Will federal income tax rates ever be lower than they are right now? Given the outlook for Social Security and Medicare, it is hard to imagine them falling much further. Higher federal income taxes could very well be on the horizon, as the tax cuts set by the 2017 reforms are scheduled to sunset when 2025 ends.
Not only that, the federal government is now using a different yardstick, the chained Consumer Price Index, to measure cost-of-living adjustments in the federal tax code. As an effect of this, you could gradually find yourself in a higher tax bracket over time even if tax rates remain where they are, and today’s tax breaks could eventually be worth less.
So, this may be an ideal time to convert a traditional IRA to a Roth. A Roth IRA conversion is a taxable event, and so if you have a traditional IRA, you may be thinking twice about it. If the IRA is large, the taxable income linked to the conversion will be sizable, and you could end up in a higher tax bracket in the year the conversion occurs. That literally may be a small price to pay.
What would you rather have – years of tax-free IRA withdrawals, or years of IRA withdrawals that might be taxed more than they would be today? If you decide against going Roth, you leave a door open to that second possibility. If you go Roth, you open the door to the first.
The jump in your taxable income for the year of the conversion may be a headache – but like many headaches, it promises to be short-lived. Consider the many perks that could come from transforming a traditional IRA balance into a Roth IRA balance (and remember that any taxpayer can make a Roth conversion, even a taxpayer whose high income rules out the chance of creating a Roth IRA).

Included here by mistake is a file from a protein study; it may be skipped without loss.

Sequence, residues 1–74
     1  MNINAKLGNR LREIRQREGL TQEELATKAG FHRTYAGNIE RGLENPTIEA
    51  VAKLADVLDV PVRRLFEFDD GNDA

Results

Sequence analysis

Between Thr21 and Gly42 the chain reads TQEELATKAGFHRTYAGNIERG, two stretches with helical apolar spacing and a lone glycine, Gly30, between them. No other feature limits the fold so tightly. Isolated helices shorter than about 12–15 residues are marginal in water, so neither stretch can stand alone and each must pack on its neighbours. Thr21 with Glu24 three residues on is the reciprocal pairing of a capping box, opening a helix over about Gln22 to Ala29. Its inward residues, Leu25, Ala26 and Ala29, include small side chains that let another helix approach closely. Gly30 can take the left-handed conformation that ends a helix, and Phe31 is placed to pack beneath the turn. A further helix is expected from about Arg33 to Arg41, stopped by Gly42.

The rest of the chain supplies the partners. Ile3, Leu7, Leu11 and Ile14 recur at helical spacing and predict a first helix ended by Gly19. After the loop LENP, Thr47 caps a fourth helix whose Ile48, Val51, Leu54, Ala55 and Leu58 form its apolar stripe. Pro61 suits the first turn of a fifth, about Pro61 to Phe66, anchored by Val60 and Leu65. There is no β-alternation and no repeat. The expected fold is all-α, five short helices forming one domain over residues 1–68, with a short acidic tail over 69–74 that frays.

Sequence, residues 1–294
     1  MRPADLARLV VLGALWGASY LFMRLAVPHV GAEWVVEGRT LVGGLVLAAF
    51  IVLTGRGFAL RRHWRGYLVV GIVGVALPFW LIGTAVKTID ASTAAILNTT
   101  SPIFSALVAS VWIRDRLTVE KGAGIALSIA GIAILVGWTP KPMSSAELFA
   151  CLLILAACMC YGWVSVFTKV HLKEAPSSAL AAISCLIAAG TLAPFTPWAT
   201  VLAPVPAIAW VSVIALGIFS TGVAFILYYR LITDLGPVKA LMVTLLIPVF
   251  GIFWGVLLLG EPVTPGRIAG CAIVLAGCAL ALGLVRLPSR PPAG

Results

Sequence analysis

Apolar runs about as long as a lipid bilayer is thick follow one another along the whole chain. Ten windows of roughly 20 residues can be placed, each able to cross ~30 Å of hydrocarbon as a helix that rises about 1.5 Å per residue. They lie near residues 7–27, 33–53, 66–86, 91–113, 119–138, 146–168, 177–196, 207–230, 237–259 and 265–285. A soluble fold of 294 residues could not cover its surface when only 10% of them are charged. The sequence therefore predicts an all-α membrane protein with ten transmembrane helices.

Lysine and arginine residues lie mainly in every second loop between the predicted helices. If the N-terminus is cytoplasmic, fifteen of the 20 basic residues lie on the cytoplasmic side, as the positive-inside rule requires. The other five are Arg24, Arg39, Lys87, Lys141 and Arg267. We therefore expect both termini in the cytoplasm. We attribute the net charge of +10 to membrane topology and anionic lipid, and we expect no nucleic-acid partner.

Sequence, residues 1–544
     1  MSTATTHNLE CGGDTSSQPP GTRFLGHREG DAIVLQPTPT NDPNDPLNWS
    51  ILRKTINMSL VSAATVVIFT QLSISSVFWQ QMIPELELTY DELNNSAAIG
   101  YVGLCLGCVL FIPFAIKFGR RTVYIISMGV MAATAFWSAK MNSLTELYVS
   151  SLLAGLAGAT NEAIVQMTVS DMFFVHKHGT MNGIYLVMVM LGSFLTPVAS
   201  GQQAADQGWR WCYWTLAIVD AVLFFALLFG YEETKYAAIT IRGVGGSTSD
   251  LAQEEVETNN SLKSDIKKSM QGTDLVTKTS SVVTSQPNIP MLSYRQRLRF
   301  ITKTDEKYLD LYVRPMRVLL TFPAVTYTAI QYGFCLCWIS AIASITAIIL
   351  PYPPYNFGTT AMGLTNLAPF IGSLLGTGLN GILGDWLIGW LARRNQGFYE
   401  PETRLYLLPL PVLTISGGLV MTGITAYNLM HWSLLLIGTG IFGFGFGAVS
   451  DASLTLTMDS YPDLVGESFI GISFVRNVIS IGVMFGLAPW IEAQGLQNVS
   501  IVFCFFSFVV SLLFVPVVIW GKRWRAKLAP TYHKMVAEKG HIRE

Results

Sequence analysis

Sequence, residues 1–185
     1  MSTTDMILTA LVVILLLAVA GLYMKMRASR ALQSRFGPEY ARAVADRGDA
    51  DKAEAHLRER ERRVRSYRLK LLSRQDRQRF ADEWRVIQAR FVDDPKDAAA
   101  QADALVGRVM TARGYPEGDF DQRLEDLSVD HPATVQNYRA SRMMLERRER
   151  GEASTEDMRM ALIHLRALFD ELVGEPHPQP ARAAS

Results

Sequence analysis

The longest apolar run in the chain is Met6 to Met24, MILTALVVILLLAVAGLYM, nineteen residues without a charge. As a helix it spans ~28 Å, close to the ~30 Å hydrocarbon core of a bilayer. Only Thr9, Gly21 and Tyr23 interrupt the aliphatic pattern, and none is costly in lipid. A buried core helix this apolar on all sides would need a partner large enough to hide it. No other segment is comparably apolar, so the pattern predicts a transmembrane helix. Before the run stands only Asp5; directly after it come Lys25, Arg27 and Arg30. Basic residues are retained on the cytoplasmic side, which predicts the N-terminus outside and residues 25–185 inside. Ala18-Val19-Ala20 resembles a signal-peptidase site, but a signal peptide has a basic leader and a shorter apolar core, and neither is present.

Generally, you can take tax-free withdrawals from a Roth IRA once the Roth IRA has been in existence for five years and you are age 59½ or older. If you end up retiring well before 65 (and that could happen), tax-free and penalty-free Roth IRA income could be very nice.
You can also contribute to a Roth IRA all your life, provided you earn income and your income level is not so high as to bar these inflows. In contrast, a traditional IRA does not permit contributions after age 70½ and requires annual withdrawals once you reach that age.
Lastly, a Roth IRA is convenient in terms of estate planning. Roth IRA assets transfer to your heirs without being taxed.
A Roth IRA conversion need not be “all or nothing.” Some traditional IRA owners elect to convert just part of their traditional IRA to a Roth, while others choose to convert the entire balance over multiple years, the better to manage the taxable income stemming from the conversions.
Remember, however, that you can no longer undo a Roth conversion. The Tax Cuts & Jobs Act did away with so-called Roth “recharacterizations” – that is, turning a Roth IRA back to a traditional one. Now, this do-over is no longer allowed.
Talk to a tax or financial professional as you weigh your decision. This really does look like a prime time for pre-retirees to go Roth, but the move is not for everyone. Occasionally, the resulting tax hit may seem to outweigh the potential long-run advantages. Study the various financial implications before making the move.